Backgammon

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The Independent Culture
DOUBLE MATCH point once more, and black has a difficult decision to make with this 51. He can play safe with 8/3, 8/7 or 7/1 or can grasp the bull by the horns and play 18/17*, 18/13, leaving three blots strewn around the board.

The critical thing to remember about double match point is that the only important thing is winning the game. Winning or losing gammons or even backgammons is irrelevant. In this position hitting is certainly the play that both wins and loses many more gammons than the other plays, but does it win more games overall?

If black hits, white will have 10 return shots. And 55 is crushing the others, which will leave black with a shot at the blot on white's 3-point to get back into the game. When white doesn't hit, black will have a good chance of bringing home the position (especially if white rolls something like 26), although there may still be problems.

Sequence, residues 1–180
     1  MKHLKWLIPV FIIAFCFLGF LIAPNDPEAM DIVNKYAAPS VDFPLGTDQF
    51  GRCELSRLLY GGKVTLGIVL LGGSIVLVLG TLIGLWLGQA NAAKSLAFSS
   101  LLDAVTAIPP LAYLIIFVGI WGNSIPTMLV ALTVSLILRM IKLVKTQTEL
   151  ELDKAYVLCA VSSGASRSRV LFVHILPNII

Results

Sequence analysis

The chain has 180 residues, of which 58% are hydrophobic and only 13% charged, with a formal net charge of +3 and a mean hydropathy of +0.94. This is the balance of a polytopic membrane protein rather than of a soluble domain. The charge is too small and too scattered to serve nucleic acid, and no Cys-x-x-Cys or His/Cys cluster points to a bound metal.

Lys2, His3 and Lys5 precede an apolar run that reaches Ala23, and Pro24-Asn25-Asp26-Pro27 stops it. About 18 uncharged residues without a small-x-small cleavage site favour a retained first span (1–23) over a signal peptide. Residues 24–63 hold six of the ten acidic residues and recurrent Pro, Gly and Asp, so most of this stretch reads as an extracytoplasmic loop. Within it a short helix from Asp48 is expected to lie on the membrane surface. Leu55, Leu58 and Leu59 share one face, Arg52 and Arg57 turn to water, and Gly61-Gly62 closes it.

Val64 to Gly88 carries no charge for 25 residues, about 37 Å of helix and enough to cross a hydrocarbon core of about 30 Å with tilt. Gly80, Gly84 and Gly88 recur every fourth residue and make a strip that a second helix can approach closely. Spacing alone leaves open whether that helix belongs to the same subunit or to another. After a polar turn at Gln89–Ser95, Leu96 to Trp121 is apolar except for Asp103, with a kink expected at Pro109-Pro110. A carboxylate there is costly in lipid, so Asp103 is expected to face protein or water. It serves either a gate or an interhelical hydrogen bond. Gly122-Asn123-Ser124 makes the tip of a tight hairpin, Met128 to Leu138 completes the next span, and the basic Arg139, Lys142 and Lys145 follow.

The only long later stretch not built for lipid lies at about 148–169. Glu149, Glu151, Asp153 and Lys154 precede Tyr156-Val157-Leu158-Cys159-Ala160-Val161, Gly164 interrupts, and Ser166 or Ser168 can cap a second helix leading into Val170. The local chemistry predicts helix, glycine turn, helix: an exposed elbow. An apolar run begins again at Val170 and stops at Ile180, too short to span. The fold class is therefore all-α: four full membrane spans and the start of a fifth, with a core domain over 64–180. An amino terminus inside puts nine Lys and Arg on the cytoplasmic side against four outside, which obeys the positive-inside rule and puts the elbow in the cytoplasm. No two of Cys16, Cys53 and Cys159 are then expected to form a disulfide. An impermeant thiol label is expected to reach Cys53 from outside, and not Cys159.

If black plays passively, white's position will be greatly improved once he makes his 3-point, and then it will be far more dangerous for black to run off white's bar-point, as a hit will nearly always prove to be fatal.

What started as a double match point problem has become a "pay me now, pay me later" problem. It certainly looks as though the hitting play is right, taking a small risk now rather than a big risk later.

Computer analysis shows that this is correct. Black wins 63 per cent of matches with the hitting play, and only 60 per cent with 8/3, 8/7.

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